Med not available - page 3
I work 7p to 7a every weekend. Almost every week there is some patient whose med is not on the med cart. Possibly because the med was not ordered or the pharmacy didn't send it for some reason. We... Read More
May 28, '04Specialty: 15 year(s) of experience in Rehab, Med Surg, Home Care ; Joined: Mar '03; Posts: 1,129; Likes: 510Quote from night owlThat's the best way I've heard of for dealing with this problem (starting with actually recognizing that a problem exists).We have what we call a "Doc-U-Med" closet which stores most meds we use at our facility. Each unit has a key to open it. We take a dose or two, depending on how many doses will be needed until Pharmacy can bring us the med. We sign it out and a copy of the pt's order must be left to verify it was ordered and that we had to retrieve it due to unavailability. In the computer it's charted as "given," but Pharmacy is notified that the Doc-U-Med had to be used. If the Doc-U-Med doesn't have a medication, first it's charted as a "missing med" which automatically submits it to the Pharmacy. Then we go back and enter that it was "Held." due to unavailability. The med is usually brought to the unit before or during the next med pass by Pharmacy. At report we make the next on coming nurse aware of the "missing/held" med and she gives it when it arrives.
May 29, '04Occupation: Director of Nursing Joined: May '04; Posts: 347; Likes: 4WOW! When this happened at our facility, we switched pharmacies. There is a lot of money to be made by the pharmacy, and if they can't offer services needed, then I go somewhere else. We have a pharmacy that would deliver colace if needed, although I encourage staff to borrow in that situation. Our pharmacy comes in weekly and pulls the labels on meds that need re-ordering way in advance. When we are getting an admission and it's late in the evening, we require the hospital to provide meds for the next day, so as not to make our pharmacy run out in the middle of the night. You know what? The hospital wants to get rid of the resident enough that they always do send the meds!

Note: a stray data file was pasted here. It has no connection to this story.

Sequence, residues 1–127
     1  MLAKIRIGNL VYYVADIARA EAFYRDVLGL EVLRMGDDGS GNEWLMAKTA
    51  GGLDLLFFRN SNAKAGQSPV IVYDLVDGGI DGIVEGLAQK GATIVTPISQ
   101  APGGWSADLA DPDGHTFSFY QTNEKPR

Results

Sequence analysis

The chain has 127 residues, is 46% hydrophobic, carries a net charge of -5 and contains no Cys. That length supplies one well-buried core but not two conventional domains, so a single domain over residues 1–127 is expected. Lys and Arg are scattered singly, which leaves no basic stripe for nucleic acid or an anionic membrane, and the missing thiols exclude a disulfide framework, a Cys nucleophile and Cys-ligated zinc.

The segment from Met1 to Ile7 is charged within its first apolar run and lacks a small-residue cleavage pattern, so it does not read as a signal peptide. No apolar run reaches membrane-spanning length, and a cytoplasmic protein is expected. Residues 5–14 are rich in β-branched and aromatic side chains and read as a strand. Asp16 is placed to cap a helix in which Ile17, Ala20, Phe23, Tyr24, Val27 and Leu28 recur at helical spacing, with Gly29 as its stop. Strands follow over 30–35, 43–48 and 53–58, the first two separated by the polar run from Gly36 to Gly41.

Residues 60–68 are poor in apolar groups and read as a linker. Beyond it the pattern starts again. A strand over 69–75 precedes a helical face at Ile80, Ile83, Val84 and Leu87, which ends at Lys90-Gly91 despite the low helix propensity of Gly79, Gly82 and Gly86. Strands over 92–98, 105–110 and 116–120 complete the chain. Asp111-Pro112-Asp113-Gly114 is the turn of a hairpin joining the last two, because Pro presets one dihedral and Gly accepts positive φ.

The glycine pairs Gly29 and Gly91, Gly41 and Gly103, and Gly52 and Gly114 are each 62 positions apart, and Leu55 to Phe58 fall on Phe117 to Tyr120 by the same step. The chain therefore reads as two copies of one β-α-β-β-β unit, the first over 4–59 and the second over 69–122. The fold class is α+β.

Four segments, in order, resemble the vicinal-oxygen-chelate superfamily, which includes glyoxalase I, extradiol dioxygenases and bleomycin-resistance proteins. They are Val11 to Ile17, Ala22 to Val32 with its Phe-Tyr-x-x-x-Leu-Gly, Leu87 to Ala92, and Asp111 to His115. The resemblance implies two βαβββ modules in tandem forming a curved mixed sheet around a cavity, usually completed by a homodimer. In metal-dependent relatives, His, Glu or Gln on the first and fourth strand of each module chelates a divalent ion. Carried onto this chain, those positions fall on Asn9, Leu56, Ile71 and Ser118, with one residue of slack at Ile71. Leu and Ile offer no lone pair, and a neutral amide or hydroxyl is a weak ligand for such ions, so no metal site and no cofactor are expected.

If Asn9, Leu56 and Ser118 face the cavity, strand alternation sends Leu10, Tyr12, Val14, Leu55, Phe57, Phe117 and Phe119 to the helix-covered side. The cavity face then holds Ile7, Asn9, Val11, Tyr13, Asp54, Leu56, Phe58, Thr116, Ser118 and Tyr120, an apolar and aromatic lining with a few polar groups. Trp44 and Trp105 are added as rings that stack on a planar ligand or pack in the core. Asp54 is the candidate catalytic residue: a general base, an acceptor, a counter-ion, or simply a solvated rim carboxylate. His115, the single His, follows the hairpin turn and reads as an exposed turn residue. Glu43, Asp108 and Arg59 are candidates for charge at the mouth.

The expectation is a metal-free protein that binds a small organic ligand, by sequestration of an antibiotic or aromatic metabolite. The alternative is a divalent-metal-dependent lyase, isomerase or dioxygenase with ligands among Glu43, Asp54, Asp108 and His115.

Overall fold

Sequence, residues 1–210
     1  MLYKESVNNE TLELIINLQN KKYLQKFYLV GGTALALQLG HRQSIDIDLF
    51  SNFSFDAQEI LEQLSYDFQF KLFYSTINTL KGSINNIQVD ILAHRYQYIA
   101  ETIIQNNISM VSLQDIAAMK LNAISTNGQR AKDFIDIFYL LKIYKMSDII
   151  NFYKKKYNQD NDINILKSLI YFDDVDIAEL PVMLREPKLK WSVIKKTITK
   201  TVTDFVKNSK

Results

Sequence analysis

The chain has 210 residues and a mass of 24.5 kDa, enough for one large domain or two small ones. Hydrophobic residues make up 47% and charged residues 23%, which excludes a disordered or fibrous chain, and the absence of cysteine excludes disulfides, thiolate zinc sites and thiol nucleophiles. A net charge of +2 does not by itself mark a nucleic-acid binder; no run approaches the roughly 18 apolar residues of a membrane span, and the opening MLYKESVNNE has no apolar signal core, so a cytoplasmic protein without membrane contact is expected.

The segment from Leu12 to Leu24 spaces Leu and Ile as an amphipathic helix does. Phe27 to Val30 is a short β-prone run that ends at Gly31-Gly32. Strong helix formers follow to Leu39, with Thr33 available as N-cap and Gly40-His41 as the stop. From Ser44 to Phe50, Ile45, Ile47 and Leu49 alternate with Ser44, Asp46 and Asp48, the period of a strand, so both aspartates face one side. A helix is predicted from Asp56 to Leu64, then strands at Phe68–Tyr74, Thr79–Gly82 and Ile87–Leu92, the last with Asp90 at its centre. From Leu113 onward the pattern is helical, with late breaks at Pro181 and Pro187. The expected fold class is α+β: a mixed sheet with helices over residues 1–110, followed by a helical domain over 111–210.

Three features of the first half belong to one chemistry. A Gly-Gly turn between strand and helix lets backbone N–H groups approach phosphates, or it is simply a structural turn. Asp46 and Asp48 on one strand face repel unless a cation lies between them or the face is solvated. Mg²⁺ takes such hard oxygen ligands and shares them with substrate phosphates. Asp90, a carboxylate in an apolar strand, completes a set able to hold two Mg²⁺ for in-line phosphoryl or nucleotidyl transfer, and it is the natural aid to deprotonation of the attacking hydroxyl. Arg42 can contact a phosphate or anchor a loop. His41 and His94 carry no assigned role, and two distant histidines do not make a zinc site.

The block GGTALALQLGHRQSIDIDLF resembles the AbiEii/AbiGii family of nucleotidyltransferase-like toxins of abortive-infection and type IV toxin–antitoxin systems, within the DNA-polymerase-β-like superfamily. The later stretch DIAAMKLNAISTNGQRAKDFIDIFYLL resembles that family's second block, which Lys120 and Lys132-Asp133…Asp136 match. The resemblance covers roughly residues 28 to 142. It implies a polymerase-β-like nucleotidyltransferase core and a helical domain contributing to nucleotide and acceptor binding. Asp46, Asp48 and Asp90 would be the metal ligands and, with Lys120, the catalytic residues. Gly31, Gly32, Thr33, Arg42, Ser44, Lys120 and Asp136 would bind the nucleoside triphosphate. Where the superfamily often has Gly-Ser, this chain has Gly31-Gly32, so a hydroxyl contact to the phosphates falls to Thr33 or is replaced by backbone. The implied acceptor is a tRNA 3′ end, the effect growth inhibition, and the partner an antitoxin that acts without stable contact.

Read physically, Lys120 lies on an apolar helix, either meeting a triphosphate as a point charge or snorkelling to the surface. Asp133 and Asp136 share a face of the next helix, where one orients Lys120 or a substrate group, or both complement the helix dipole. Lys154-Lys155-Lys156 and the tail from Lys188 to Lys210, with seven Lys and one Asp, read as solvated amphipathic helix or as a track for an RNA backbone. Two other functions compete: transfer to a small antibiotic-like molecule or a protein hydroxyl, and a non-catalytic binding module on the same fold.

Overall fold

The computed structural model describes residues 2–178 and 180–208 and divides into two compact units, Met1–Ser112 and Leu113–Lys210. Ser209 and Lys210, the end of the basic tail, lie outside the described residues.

Jun 3, '04Joined: May '04; Posts: 9You cover yourself by documenting. If you don't have the med, your document what you have done to resolve the issue ( notify family, notify pharmacy involved, notify supervisor, notify doctor, etc) If the nurse notifies all parties and nothing is done then they are as accountable as you are. I am sure you worked very hard to obtain your license and I would not do anything to jeopardize that. We need all the nurses we have and obviously you are a darn good nurse or you would not be on this website trying to find answers to your problem. If the problem is with your main pharmacy then I agree with donmomofnine, your facilty needs to make changes in your pharmacy provider. Our pharmacy site is open or on call 24/ 7. This is health care and any facility/ pharmacy has to be available and provide service 24/ 7 too. Patients are sick 24/7. Nurses work 24/ 7 so pharmacists need to work 24/ 7 too.
Quote from dotterTBLPN, I'm glad that you understand the problem. I really don't think some people understand. For one, when a patient is admitted they choose to use either the main pharmacy or one of their own chosing. If they choose their own pharmacy their family usually picks up their meds. We have patients who use different pharmacies that deliver. We can't just call any pharmacy like Eckerds and order the med. My question is how can I cover myself since I can't get the med? I'm wondering if nurseduck can answer my question?